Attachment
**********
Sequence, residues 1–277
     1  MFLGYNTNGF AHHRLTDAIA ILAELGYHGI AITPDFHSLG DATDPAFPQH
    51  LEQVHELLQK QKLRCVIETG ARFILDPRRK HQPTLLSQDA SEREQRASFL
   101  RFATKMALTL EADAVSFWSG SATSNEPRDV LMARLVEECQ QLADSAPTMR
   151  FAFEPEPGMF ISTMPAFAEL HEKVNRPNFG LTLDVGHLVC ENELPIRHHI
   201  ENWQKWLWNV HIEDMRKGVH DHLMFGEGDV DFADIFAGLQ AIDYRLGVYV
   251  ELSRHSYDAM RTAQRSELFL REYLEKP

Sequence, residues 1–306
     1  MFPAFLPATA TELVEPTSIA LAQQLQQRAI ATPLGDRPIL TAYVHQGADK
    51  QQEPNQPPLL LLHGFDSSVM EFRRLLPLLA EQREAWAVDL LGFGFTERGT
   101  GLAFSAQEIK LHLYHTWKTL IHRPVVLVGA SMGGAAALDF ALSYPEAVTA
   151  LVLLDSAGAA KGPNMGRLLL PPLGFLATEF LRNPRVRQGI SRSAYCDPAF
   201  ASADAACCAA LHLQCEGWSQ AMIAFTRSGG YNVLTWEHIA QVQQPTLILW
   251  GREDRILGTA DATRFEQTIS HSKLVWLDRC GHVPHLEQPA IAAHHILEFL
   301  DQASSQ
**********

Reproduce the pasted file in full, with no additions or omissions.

Sequence, residues 1–277
     1  MFLGYNTNGF AHHRLTDAIA ILAELGYHGI AITPDFHSLG DATDPAFPQH
    51  LEQVHELLQK QKLRCVIETG ARFILDPRRK HQPTLLSQDA SEREQRASFL
   101  RFATKMALTL EADAVSFWSG SATSNEPRDV LMARLVEECQ QLADSAPTMR
   151  FAFEPEPGMF ISTMPAFAEL HEKVNRPNFG LTLDVGHLVC ENELPIRHHI
   201  ENWQKWLWNV HIEDMRKGVH DHLMFGEGDV DFADIFAGLQ AIDYRLGVYV
   251  ELSRHSYDAM RTAQRSELFL REYLEKP

Sequence, residues 1–306
     1  MFPAFLPATA TELVEPTSIA LAQQLQQRAI ATPLGDRPIL TAYVHQGADK
    51  QQEPNQPPLL LLHGFDSSVM EFRRLLPLLA EQREAWAVDL LGFGFTERGT
   101  GLAFSAQEIK LHLYHTWKTL IHRPVVLVGA SMGGAAALDF ALSYPEAVTA
   151  LVLLDSAGAA KGPNMGRLLL PPLGFLATEF LRNPRVRQGI SRSAYCDPAF
   201  ASADAACCAA LHLQCEGWSQ AMIAFTRSGG YNVLTWEHIA QVQQPTLILW
   251  GREDRILGTA DATRFEQTIS HSKLVWLDRC GHVPHLEQPA IAAHHILEFL
   301  DQASSQ